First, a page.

Constitutional Laboratories: Some Reflections on COVID-19 Litigation in Arizona

23 Pages Posted: 7 Feb 2022

See all articles by Ilan Wurman

Ilan Wurman

University of Minnesota Law School

Date Written: February 5, 2022


In federal court case after federal court case, plaintiffs challenging COVID-19 restrictions lost. The reason is obvious. Under modern equal protection and substantive due process doctrine, states receive enormous deference when restricting rights that federal courts do not consider to be fundamental. State cases that raised issues of state law fared, on the whole, better. Reflecting on my own litigation in Arizona, this Essay makes the case that in several areas of law—nondelegation, judicial review of executive acts, state “equal privileges or immunities” clauses, and the obligations of contract—state constitutional law provides more fruitful grounds for future challenges for at least some kinds of assertions of emergency authority, and that the independent development of state constitutional law in these areas should be encouraged. Of course, not all government measures will be unconstitutional under state law, and many will be necessary and desirable. But some assertions of authority might be unconstitutional under state law even if constitutional under modern federal doctrine.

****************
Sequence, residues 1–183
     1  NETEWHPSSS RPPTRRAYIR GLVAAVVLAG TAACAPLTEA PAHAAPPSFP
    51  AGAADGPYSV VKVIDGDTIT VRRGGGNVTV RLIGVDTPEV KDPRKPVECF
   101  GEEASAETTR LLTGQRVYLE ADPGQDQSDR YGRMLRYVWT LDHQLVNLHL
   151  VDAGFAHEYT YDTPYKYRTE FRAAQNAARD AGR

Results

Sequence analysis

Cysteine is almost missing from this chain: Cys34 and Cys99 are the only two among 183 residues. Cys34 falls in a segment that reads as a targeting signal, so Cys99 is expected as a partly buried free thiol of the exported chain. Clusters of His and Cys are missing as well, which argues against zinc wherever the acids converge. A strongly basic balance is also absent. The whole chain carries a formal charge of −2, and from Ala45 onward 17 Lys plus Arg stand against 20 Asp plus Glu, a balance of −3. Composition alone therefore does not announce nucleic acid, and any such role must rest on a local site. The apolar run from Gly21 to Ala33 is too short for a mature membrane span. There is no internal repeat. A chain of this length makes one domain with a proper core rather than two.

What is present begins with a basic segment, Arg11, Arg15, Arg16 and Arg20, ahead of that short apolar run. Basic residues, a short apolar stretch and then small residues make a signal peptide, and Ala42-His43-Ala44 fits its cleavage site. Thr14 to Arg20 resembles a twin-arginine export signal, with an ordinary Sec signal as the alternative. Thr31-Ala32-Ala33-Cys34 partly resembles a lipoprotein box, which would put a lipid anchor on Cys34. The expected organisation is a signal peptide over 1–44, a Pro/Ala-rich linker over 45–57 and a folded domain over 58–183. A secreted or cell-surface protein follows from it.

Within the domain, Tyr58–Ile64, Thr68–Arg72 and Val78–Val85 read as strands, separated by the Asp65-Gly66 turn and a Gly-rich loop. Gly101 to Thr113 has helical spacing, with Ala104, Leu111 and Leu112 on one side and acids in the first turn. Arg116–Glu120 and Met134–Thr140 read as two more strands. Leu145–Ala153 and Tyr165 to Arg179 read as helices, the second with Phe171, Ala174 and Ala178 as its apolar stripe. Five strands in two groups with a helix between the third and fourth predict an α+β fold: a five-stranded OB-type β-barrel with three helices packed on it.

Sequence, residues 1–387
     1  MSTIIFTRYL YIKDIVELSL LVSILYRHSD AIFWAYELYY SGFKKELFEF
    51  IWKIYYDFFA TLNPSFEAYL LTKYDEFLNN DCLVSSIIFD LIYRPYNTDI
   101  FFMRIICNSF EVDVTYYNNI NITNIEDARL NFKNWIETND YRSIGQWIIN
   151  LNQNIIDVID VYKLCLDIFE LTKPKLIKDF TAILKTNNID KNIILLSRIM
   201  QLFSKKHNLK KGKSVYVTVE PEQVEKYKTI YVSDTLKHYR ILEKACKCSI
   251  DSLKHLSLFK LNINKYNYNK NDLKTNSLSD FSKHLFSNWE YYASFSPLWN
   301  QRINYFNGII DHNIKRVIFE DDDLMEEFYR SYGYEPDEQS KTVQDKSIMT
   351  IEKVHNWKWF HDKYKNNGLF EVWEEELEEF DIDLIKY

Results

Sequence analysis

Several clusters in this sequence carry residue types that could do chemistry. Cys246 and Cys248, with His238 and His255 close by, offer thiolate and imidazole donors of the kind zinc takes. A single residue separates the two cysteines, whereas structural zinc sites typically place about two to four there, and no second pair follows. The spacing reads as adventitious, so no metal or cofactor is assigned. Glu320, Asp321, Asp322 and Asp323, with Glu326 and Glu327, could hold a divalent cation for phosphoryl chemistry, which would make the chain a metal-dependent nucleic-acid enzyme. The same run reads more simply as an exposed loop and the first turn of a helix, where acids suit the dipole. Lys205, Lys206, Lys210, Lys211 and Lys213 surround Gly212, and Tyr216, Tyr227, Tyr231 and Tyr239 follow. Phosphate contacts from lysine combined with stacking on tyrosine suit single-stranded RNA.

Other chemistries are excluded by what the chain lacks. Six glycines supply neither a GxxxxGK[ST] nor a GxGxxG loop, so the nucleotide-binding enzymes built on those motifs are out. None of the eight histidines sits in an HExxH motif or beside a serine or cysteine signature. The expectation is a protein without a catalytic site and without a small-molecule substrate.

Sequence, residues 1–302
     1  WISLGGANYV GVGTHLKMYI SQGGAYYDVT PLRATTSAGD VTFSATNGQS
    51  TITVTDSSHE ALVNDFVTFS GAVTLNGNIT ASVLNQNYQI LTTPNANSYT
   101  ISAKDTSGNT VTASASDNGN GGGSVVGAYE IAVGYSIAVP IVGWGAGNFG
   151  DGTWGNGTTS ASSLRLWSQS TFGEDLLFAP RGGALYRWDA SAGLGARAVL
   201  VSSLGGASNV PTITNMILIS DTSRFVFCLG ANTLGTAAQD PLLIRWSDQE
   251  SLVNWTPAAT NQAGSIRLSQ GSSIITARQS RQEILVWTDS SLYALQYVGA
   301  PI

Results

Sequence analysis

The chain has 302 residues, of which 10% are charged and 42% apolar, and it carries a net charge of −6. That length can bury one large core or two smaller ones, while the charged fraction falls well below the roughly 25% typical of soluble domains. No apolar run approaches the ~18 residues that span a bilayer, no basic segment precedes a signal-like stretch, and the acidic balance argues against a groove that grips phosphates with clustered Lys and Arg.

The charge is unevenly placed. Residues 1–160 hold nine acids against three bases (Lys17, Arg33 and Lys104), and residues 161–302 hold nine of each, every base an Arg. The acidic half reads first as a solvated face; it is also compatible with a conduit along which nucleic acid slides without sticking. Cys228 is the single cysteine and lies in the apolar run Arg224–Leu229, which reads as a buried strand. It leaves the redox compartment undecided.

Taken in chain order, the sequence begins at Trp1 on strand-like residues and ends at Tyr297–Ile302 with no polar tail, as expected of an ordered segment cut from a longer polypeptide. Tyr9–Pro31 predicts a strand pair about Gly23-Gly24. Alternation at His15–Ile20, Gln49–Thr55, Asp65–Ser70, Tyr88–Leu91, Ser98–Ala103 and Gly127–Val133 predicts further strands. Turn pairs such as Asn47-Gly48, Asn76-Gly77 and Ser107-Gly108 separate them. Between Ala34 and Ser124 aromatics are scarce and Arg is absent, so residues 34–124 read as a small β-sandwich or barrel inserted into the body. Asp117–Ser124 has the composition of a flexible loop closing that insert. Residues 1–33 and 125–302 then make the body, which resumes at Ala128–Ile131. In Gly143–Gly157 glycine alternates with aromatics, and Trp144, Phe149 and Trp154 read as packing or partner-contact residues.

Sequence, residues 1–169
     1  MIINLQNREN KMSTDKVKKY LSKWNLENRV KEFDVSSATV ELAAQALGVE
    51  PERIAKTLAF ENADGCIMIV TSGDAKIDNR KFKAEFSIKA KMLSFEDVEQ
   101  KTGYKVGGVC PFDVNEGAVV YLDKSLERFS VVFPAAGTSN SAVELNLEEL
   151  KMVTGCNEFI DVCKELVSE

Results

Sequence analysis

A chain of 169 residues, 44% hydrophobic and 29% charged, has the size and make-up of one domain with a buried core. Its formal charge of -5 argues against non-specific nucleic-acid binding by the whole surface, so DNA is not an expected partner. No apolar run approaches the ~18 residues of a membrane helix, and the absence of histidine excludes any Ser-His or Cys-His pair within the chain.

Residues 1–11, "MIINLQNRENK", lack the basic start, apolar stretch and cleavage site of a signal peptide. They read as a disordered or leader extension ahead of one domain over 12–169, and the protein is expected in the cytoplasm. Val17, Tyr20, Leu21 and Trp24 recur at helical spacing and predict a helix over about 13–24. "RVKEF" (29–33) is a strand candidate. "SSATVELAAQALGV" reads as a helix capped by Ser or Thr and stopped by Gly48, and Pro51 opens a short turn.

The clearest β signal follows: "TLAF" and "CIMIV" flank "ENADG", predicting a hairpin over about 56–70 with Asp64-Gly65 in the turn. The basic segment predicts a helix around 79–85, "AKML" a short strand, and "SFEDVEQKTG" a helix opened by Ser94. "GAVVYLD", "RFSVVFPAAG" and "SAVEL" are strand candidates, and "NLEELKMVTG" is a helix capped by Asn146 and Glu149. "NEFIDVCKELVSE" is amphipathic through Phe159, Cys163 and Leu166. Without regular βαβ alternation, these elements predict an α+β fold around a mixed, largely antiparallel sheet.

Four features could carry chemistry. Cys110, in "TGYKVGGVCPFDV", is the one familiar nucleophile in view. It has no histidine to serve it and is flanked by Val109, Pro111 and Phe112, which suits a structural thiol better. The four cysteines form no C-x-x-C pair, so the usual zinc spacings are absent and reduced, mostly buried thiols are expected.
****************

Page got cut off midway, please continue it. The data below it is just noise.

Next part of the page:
Keywords: COVID-19, coronavirus, rational basis, privileges or immunities, nondelegation, emergency powers, municipal corporations, judicial review, contracts clause, discrimination, executive power, executive orders

Suggested Citation

Wurman, Ilan, Constitutional Laboratories: Some Reflections on COVID-19 Litigation in Arizona (February 5, 2022). NYU Journal of Law & Liberty, Forthcoming, Available at SSRN: or

Ilan Wurman (Contact Author)

University of Minnesota Law School ( email )

United States

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